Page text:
Walking in rainbow shoes out west


Before Beck Humphreys began her teaching career, she never wanted to leave Brisbane.

'My community was there, my safety net was there, and all my friends were there,' Beck said.

But fast-forward 10 years and today you’ll find Beck teaching at Barcaldine Prep–12 State School, having just bought a house in Aramac with her girlfriend.

'We have a 1-year-old lab called Lucky, go to our local bowls club most Friday nights after a busy week for a $1 sausage sizzle and game,' Beck said.

'I became one of those stories where I came out to have a rural experience, and here we are 7 years later. I never left!'

Beck’s path to a rural life was fuelled by conversations with teaching mentors when she was a beginning teacher at Bundamba State Secondary College in Ipswich.

'My older colleagues spoke fondly of their time teaching out in the country,' Beck said.

'Everybody had done it and remarked how open and welcoming their communities were, and how much the experience had helped them cement good skills in the foundation of their careers.'

'Most even have a story where they knew a teacher who moved out of the south-east corner, met someone, and have never come back,' Beck said.

'To me, it was also clear that teaching outside of the city was a rite of passage, and a good way to give back to the community.'

Beck was keen to keep up the tradition in her career and started to seriously consider making the move herself, excited by the prospect of new experiences.

'Everything sounded great, but my only concern was how the community would react if they found out I’m gay,' Beck said.

Beck’s principal at the time gave her some advice—wise words which Beck would now give to anybody going rural or remote.

'My principal told me that rural communities are friendly places and that teachers are highly respected,' Beck said.

'He encouraged me to make an effort to truly be a part of the community when I moved—to join in with sports, committees and events.'

'So that’s what I did, and seven years later I’m still the secretary of our local bowls club!' Beck said.

'By giving some of your time and getting out and joining in with things in the community, you earn respect from the people around you and you’re free to be yourself.'

Beck’s experience teaching for the Queensland Department of Education in a rural community has been a positive one.

'People have always been accepting of me,' Beck said.

As an LGBTIQ+ inclusive employer, the department aims to provide workplaces where all employees feel safe, valued and supported to bring their whole selves to work.

The department released its Proud at Work (PDF, 831KB) workforce strategy in August 2018, part of the We All Belong (PDF, 3.2MB) workforce inclusion and diversity framework which outlines the department’s commitment to grow together, valuing and embracing the different skills, knowledge and experiences each staff member brings.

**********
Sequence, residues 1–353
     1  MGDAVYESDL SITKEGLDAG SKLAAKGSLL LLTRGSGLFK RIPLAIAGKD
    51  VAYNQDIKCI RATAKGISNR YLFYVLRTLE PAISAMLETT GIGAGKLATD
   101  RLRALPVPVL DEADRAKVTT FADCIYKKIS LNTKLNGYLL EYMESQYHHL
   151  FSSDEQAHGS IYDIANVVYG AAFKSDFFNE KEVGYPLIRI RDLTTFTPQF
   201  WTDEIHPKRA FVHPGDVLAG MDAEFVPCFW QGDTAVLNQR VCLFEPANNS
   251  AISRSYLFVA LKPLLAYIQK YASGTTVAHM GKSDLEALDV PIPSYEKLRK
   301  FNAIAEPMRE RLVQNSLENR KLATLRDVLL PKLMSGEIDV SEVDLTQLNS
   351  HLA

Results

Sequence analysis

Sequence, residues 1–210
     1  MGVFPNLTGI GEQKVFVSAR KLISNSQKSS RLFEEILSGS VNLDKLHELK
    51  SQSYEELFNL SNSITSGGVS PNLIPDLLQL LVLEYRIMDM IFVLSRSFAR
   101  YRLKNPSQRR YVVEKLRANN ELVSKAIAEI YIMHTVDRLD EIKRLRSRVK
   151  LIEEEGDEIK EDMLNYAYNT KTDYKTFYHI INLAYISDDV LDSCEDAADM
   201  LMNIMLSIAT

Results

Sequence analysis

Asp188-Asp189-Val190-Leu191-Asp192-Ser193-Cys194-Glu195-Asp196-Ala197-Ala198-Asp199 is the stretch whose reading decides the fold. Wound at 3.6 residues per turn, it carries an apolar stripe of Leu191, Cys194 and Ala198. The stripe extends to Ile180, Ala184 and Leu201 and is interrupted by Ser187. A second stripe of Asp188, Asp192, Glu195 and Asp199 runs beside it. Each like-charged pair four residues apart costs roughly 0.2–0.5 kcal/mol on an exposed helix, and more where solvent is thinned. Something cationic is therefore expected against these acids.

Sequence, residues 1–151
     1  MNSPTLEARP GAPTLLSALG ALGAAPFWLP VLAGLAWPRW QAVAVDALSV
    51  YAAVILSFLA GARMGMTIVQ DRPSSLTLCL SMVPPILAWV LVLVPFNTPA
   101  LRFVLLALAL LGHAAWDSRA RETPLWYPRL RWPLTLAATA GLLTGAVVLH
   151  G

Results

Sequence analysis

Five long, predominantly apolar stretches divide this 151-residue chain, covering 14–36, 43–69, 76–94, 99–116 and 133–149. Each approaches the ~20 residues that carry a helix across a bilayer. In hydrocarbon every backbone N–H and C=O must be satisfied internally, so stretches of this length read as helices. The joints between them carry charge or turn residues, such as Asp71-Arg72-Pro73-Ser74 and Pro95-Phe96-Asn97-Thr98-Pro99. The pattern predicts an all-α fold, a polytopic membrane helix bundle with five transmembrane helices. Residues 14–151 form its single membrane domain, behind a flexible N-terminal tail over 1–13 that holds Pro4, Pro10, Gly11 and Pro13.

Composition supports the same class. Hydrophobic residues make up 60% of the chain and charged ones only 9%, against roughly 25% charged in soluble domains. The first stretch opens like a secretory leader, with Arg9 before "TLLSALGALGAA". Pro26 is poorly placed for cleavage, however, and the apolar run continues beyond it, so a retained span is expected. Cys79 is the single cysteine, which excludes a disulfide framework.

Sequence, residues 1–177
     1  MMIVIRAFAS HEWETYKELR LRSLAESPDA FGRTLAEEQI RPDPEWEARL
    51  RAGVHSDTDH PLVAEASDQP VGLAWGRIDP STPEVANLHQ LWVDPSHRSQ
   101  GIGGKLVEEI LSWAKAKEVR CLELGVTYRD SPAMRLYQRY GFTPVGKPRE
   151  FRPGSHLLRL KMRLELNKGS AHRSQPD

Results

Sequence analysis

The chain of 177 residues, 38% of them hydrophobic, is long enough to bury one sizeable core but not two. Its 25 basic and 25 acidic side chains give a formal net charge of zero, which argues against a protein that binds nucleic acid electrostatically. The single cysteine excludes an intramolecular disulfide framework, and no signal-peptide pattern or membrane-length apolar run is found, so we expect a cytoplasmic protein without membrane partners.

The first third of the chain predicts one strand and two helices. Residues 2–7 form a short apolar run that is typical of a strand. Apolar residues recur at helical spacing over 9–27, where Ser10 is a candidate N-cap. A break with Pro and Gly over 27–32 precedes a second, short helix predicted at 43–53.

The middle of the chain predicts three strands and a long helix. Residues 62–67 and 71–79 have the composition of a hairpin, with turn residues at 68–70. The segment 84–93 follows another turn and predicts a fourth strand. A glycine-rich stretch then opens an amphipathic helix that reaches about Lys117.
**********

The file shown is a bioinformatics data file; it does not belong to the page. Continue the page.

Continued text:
In 2019, the department was awarded a Bronze Standard in the Australian Workforce Equality Index for its dedication to building LGBTIQ+ inclusive workplaces.

Beck said that working for the department has also given her opportunities to be involved in projects she cares about.

'In my capacity as a Central Queensland Rainbow Liaison Officer, I provide inclusion training opportunities for department staff.'

'I offer confidential support to LGBTIQ+ identifying staff and allies if there are issues that may be affecting them or impacting their workplace,' Beck said.

Beck is also a member of the department’s True Colours Steering Committee.

Made up of LGTBIQ+ identifying staff and teachers, the committee provides feedback on department strategies and collaborates on initiatives that build support capacity for LGBTIQ+ identifying staff, including celebrating International Day Against Homophobia, Biphobia, Intersexism and Transphobia and Wear it Purple Day.

The committee supports the department’s True Colours Online Network, a virtual community allowing all department employees to play an active role in building inclusion.

Beck encouraged teachers to get involved with department networks like True Colours as well as in their local communities.

'Being part of work initiatives and forming relationships with your colleagues is just as important as building connections in your community,' Beck said.

'There are always going to be challenges in the teaching profession, but help is never far away.'

'Whether it’s your principal or another colleague, someone has been in your shoes, knows how you feel and more often than not has an appropriate solution,' Beck said.

Beck’s other advice for teachers?

'Go out west—because west is the best!'

'And never be afraid to try something new,' Beck said.

'Teaching really is the best profession out there and can lead you to exciting places that you could never have dreamed of.'

Teach with the Queensland Department of Education and adventure awaits you all around the state.

You’ll be supported through our inclusive workplace culture and get the opportunity to teach in diverse communities across Queensland over the course of your career.

Interested? Submit your application now!

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Last updated 19 June 2020